Why must companies take climate action seriously?

Back in February 2022, the IPCC stated that the climate crisis was intensifying and that the world was far behind on the goal to keep temperature increases below 1.5 degrees — the global commitment made during the 2015 Paris Agreement. Another report in April, however, claimed that it was still possible to keep warming below 1.5C if urgent, widespread climate action took place. This means that the biggest contributors to the climate crisis need to take action now – these being some of the world’s largest and most successful companies.

According to the Carbon Majors Database just 100 companies worldwide have been responsible for 71% of the global GHG emissions since 1998. This was a revolutionary finding that has placed huge pressure on the biggest offenders – and rightly so.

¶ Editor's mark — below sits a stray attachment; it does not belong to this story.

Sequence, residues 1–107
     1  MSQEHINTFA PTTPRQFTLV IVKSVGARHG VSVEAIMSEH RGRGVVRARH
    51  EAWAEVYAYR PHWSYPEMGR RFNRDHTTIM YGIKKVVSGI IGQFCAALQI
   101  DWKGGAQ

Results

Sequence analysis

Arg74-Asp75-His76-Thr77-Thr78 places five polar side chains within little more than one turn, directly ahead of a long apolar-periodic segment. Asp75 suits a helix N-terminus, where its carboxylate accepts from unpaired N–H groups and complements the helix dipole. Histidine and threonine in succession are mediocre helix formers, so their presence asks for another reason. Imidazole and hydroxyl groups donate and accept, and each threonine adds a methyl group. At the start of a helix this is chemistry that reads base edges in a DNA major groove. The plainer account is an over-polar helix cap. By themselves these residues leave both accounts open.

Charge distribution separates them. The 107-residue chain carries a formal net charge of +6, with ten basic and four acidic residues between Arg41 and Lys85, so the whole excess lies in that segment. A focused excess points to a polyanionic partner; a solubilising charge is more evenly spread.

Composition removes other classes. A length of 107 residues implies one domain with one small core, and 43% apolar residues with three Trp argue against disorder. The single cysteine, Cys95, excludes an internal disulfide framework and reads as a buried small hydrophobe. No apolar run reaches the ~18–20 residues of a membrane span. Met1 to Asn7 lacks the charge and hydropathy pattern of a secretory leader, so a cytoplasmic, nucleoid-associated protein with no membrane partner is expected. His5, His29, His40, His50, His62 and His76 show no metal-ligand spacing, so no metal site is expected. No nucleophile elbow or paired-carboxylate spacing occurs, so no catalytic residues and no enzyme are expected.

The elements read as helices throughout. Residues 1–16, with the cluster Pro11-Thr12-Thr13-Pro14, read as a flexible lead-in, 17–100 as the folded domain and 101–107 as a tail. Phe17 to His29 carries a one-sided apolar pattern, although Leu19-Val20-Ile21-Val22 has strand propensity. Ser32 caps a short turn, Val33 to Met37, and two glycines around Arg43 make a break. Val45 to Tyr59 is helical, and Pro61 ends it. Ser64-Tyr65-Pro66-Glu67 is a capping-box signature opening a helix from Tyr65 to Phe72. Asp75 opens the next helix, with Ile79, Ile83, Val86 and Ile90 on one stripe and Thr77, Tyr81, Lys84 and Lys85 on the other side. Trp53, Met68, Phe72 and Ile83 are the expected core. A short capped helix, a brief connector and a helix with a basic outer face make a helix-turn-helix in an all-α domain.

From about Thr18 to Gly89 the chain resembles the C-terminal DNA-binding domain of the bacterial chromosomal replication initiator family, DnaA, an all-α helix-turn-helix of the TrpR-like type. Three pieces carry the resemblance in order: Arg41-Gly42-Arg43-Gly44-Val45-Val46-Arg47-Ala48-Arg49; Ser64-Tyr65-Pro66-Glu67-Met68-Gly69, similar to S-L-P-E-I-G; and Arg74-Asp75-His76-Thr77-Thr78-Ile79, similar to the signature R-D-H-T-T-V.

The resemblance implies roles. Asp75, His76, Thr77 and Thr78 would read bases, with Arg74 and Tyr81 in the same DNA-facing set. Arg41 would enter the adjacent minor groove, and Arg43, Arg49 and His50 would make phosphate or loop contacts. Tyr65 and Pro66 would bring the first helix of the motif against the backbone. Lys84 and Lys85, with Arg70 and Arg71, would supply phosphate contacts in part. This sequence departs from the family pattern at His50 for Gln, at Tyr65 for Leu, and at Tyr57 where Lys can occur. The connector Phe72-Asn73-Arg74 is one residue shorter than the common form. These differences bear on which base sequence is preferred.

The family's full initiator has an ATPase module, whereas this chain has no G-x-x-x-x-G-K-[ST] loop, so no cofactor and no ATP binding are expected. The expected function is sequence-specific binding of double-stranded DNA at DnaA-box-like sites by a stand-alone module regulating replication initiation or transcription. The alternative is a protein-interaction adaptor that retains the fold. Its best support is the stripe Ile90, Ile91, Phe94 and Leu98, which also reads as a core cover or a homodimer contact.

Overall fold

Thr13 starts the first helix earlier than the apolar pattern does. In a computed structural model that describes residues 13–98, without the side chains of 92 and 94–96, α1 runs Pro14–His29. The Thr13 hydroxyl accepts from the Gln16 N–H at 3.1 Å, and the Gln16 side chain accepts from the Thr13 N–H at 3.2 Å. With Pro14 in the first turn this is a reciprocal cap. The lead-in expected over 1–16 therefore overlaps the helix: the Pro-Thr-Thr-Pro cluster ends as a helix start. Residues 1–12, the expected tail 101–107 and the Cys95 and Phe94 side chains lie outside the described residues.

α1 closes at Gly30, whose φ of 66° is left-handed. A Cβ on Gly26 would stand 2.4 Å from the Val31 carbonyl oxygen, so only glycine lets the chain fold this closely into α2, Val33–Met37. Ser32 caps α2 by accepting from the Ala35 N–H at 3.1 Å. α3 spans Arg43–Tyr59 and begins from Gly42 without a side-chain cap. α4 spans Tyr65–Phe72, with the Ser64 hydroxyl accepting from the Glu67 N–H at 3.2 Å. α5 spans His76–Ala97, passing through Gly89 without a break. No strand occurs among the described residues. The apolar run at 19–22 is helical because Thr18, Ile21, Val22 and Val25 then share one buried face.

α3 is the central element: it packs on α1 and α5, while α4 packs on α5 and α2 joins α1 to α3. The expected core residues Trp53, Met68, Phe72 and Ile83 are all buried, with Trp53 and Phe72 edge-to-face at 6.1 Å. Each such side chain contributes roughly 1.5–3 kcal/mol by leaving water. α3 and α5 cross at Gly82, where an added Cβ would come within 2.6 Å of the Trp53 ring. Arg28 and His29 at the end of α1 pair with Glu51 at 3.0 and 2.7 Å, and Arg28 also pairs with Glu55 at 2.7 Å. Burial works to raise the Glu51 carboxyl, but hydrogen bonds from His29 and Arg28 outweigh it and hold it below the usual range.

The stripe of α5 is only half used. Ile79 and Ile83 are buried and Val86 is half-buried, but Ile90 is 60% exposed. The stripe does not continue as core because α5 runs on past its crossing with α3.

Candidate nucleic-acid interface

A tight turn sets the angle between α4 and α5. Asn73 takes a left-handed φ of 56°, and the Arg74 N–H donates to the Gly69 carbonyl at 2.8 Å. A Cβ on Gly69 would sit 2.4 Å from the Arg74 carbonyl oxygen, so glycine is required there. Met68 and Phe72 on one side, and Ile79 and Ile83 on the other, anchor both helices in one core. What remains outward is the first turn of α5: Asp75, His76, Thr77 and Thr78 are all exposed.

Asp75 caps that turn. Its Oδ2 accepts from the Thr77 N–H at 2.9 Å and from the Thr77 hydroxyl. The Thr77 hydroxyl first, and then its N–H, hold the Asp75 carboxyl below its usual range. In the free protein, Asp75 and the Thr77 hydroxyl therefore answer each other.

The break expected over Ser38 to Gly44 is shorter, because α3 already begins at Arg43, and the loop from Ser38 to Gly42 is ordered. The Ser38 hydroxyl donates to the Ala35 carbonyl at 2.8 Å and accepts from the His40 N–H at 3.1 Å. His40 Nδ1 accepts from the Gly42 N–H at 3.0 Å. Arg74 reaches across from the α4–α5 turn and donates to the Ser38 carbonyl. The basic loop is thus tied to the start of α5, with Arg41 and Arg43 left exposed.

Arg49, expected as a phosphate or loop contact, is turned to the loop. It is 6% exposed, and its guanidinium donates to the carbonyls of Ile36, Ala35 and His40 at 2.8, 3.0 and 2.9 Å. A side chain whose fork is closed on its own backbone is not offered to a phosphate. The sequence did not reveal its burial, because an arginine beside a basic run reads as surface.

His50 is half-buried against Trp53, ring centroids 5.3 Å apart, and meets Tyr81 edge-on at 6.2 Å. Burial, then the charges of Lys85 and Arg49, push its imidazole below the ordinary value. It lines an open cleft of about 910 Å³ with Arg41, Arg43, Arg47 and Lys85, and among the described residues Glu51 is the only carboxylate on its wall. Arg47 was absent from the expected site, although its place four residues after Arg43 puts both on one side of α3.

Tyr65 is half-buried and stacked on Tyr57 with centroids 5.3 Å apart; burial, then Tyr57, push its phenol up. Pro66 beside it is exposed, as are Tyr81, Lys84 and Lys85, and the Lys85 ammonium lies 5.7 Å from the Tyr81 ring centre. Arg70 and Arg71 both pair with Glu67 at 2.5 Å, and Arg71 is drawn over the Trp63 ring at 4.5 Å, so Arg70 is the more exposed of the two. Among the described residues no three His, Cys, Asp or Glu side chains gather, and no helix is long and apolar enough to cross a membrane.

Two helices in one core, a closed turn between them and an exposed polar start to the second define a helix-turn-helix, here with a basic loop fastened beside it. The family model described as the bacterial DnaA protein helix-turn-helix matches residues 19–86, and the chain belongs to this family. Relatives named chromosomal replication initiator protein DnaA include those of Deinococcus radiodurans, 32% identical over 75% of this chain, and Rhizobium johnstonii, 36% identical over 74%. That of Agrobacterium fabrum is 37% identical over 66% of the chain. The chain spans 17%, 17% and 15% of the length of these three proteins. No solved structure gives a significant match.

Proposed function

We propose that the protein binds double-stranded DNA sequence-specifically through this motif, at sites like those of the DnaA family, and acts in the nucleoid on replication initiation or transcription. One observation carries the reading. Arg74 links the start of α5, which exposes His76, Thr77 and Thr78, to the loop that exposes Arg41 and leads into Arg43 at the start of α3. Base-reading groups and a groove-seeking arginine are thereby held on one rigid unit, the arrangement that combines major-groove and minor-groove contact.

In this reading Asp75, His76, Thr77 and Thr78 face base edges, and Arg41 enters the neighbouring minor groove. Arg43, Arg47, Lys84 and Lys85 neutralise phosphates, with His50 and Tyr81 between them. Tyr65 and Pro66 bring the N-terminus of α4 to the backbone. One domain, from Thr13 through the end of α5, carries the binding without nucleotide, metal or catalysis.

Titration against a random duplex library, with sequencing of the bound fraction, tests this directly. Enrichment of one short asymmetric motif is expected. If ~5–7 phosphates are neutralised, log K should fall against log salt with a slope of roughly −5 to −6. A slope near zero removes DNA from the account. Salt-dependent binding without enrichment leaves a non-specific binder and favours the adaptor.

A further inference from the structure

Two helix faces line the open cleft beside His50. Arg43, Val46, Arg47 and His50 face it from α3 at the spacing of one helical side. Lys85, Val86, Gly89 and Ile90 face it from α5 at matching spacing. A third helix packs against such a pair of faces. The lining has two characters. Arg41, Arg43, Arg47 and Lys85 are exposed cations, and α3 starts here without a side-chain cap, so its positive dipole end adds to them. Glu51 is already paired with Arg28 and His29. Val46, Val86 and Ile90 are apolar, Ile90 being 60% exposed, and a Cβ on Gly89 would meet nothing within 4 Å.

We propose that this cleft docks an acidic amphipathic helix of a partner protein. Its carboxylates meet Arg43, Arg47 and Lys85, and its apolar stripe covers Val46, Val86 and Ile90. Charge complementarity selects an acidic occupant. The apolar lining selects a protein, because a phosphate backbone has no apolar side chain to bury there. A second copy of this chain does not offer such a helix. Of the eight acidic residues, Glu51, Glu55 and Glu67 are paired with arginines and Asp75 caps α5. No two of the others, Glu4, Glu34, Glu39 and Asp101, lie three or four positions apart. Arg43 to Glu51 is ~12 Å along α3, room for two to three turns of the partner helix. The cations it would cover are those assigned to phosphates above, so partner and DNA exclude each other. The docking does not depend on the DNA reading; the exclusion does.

The biggest contributor to climate change is by far the extraction of fossil fuels – gas, coal and oil – which accounts for over 75% of global greenhouse gas emissions and nearly 90% of all carbon dioxide emissions. Household names such as Chevron, Exxon, BP and Shell have produced billions of tonnes of CO2, as have state-owned Gazprom and Saudi Aramco.

Having said this, it’s not just the giant energy companies which are contributing to the deterioration of our ecosystems. The construction industry is another huge offender, with material extraction contributing massively to the destruction of land, communities and biodiversity around the world. It is thought that the Amazon rainforest is losing 10,000 acres of land a day to deforestation. 

The tech industry also needs to take the climate crisis seriously. Online activities such as streaming and scrolling generate a huge carbon footprint, and it was revealed that mining Bitcoin produces the same amount of energy as the entirety of Sweden

While on an individual level we can lower our personal carbon footprint, it pales in comparison to the kinds of action big business can achieve to decrease global emissions. This is why it is more vital than ever that all levels of economic activity take the crisis seriously.

Can business and social impact exist together?